Using this definition, much turns on what counts as ‘aiming to prohibit’. When the state threatens to withdraw tax-exempt status it clearly aims that the targeted group will respond by changing the relevant practice or refraining from the targeted speech. But Brettschneider denies that this amounts to the state ‘aiming to prohibit’ that practice, belief, or speech, because the group is permitted to respond by accepting the loss of its tax-exempt status. The group has a right to resist democratic persuasion, so it does not constitute a prohibition or coercion.
We should reject this account of coercion, however, because it allows any threat to be reinterpreted as non-coercive. The state imposing a fine on certain conduct—parking one’s car in a restricted area, say—is an archetypal case of coercion. But on Brettschneider’s account the state can deny that it is coercive, because it leaves open the possibility of parking in the restricted area—one merely needs to pay the fine. The state aims that drivers will not park there, but this does not amount to a prohibition, because those willing to bear the consequences are free to park. Any threat can be reconstrued in this way— certain consequences are imposed on some act, leaving individuals free to decide whether to bear those consequences.
This problem comes from Brettschneider’s use and interpretation of ‘aiming to prohibit’. Nozick’s original definition appealed to a different aim on the part of the coercer: “P aims to keep Q from choosing to perform action A”.16 The coercer intends that the recipient will choose not to perform the action. The parking fine clearly fulfils this condition. But so does the threat to withdraw tax-exempt status from a group that presently enjoys it. The state aims that the targetted group will choose to change their practice, belief, or speech, so as to avoid losing their tax-exempt status. The threat is thus coercive on Nozick’s account.17 And we have just seen that there is good reason to favour Nozick’s definition over Brettschneider’s reinterpretation.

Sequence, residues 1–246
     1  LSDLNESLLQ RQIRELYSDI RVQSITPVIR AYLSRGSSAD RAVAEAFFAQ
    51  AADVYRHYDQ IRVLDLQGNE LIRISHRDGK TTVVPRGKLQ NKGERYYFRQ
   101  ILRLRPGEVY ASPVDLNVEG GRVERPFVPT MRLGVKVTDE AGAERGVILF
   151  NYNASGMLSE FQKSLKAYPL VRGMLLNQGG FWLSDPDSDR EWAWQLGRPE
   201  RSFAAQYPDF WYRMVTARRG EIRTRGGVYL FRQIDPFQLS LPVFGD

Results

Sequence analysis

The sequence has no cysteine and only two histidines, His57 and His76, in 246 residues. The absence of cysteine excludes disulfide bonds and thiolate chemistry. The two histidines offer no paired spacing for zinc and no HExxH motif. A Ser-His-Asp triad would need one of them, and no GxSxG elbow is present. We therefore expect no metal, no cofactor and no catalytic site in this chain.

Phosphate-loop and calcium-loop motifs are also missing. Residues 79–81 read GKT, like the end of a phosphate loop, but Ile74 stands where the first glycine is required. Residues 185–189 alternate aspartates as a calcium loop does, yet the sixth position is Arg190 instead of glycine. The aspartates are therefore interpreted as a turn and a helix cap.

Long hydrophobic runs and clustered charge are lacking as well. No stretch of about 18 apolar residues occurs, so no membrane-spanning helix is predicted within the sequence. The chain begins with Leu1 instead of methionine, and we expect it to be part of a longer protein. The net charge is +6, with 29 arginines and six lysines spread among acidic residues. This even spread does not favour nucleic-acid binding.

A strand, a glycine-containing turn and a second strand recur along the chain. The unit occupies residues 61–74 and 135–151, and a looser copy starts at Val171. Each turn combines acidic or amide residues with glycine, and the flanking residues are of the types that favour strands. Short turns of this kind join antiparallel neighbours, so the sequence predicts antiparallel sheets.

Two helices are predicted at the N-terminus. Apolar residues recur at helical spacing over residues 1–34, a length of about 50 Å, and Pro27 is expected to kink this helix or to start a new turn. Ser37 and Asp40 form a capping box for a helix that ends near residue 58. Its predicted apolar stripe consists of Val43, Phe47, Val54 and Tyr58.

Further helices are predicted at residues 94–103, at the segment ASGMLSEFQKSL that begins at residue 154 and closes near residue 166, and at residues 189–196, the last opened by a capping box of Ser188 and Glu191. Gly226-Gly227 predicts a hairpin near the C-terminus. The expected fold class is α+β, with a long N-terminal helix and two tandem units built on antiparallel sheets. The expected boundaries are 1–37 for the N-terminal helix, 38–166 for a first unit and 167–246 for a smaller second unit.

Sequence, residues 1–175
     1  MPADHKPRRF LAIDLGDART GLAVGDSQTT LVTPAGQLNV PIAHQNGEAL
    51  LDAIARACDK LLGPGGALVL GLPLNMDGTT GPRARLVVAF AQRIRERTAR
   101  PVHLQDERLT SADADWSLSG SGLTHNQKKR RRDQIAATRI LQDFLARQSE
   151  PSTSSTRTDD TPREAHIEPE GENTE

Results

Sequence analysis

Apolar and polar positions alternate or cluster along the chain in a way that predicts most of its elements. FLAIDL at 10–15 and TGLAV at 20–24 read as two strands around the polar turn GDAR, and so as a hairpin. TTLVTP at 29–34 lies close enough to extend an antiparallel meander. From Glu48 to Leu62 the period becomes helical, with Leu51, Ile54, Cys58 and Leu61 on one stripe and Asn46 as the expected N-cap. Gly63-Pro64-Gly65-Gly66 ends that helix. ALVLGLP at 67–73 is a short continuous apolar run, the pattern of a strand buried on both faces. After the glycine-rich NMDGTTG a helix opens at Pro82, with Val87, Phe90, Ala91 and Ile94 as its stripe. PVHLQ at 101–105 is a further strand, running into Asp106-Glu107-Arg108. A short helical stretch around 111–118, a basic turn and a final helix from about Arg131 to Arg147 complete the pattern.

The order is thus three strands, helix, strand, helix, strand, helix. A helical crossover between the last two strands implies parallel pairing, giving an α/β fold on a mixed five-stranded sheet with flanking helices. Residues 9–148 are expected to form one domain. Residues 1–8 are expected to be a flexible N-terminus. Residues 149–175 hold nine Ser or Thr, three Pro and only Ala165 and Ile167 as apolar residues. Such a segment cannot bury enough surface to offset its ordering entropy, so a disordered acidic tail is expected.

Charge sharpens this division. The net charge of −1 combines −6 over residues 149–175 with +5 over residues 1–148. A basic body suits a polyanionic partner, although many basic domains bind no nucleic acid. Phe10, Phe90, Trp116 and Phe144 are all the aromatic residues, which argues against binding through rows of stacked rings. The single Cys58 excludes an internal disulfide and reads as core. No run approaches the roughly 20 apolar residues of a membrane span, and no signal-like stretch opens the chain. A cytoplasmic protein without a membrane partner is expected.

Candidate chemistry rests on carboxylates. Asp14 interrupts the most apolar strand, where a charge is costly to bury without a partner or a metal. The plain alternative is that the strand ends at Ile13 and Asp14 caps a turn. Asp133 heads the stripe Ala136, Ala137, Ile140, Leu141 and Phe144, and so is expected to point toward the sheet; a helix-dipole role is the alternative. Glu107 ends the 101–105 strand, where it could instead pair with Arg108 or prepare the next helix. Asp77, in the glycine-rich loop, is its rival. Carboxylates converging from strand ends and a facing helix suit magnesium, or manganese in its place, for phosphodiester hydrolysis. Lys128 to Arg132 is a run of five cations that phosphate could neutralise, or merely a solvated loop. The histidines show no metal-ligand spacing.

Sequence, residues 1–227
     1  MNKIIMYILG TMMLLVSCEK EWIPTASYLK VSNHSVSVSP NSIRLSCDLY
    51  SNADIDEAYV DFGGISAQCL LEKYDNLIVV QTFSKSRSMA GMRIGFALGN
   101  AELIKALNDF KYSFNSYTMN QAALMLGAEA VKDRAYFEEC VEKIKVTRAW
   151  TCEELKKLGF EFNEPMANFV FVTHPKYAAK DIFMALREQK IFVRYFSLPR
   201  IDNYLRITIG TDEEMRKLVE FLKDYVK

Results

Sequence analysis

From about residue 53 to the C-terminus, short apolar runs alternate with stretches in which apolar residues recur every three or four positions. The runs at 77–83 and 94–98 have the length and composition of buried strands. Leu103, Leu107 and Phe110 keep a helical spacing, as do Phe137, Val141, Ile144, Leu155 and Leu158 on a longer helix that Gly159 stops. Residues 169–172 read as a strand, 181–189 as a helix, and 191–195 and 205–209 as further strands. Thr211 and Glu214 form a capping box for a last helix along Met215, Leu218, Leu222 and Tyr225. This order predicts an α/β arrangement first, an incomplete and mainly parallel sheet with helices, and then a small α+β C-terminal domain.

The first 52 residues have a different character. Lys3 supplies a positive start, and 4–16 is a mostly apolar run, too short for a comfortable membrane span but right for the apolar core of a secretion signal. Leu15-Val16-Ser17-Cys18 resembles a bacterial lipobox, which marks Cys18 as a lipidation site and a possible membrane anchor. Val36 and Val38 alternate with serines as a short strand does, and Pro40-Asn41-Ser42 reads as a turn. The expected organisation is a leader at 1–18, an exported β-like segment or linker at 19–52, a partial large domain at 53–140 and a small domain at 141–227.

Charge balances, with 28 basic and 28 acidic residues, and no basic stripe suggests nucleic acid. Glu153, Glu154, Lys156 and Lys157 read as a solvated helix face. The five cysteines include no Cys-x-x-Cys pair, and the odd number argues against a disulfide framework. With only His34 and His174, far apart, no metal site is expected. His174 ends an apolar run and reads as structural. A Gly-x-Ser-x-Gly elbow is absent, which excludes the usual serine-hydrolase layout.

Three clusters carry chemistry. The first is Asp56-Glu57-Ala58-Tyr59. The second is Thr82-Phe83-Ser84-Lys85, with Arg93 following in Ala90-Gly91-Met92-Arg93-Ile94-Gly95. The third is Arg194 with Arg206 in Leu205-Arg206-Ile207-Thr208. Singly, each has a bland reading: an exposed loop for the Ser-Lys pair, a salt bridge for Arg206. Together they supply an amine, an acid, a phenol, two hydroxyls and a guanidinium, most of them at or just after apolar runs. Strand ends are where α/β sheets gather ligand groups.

Threatening to withdraw a group’s existing tax-exempt status unless the group amends a practice imposes a new cost upon the continuance of the practice, with the aim of causing the group to abandon it. In my view, this is coercive.18
Brettschneider (138-9, 162) himself recognises that imposing differential taxes on individuals based on their viewpoint would be coercive. Why are matters different for non-profit groups? Brettschneider’s discussion points to two possibilities.
First, he implies that the difference depends on common perceptions of what is coercive. People would generally consider viewpoint discrimination within individual taxation as coercive, so it counts as such (138-9). Similarly, certain means of democratic persuasion should be ruled out because they could reasonably be considered coercive (113). As Song (2014: 1055) notes, however, a group threatened with the loss of its tax-exempt status will also likely view this as coercive. This does not seem unreasonable—especially in the light of my argument above.
A second possibility is that individuals have a right against their tax burden being determined based on their viewpoint, but groups do not. But if this means that coercive democratic persuasion is permissible as long as rights are not violated then it simply abandons the means-based limit. Alternatively, the claim might be that the threat is not coercive because it does not violate rights—whereas varying individuals’ tax burden does violate rights, so is coercive. But this invokes a moralised conception of coercion, such that we need a prior account of rights in order to identify coercion, thereby undermining the independent force of the means-based limit. Perhaps for this reason, Brettschneider (185-6, fn. 31) states that his conception is not moralised. The rights-based argument cannot distinguish between individuals and groups, because it either abandons or nullifies the force of the means-based limit.